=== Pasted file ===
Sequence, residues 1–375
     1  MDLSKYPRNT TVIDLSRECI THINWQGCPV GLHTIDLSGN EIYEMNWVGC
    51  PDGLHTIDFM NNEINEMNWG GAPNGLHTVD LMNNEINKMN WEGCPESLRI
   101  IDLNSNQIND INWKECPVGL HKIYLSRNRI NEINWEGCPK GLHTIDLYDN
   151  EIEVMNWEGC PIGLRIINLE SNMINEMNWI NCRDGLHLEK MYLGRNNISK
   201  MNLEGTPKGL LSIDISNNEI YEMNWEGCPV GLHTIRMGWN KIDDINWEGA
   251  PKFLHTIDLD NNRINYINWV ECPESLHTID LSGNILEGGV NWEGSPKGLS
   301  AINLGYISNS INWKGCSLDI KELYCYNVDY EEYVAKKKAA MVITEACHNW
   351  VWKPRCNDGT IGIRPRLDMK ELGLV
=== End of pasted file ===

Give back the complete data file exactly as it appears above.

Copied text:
Sequence, residues 1–375
     1  MDLSKYPRNT TVIDLSRECI THINWQGCPV GLHTIDLSGN EIYEMNWVGC
    51  PDGLHTIDFM NNEINEMNWG GAPNGLHTVD LMNNEINKMN WEGCPESLRI
   101  IDLNSNQIND INWKECPVGL HKIYLSRNRI NEINWEGCPK GLHTIDLYDN
   151  EIEVMNWEGC PIGLRIINLE SNMINEMNWI NCRDGLHLEK MYLGRNNISK
   201  MNLEGTPKGL LSIDISNNEI YEMNWEGCPV GLHTIRMGWN KIDDINWEGA
   251  PKFLHTIDLD NNRINYINWV ECPESLHTID LSGNILEGGV NWEGSPKGLS
   301  AINLGYISNS INWKGCSLDI KELYCYNVDY EEYVAKKKAA MVITEACHNW
   351  VWKPRCNDGT IGIRPRLDMK ELGLV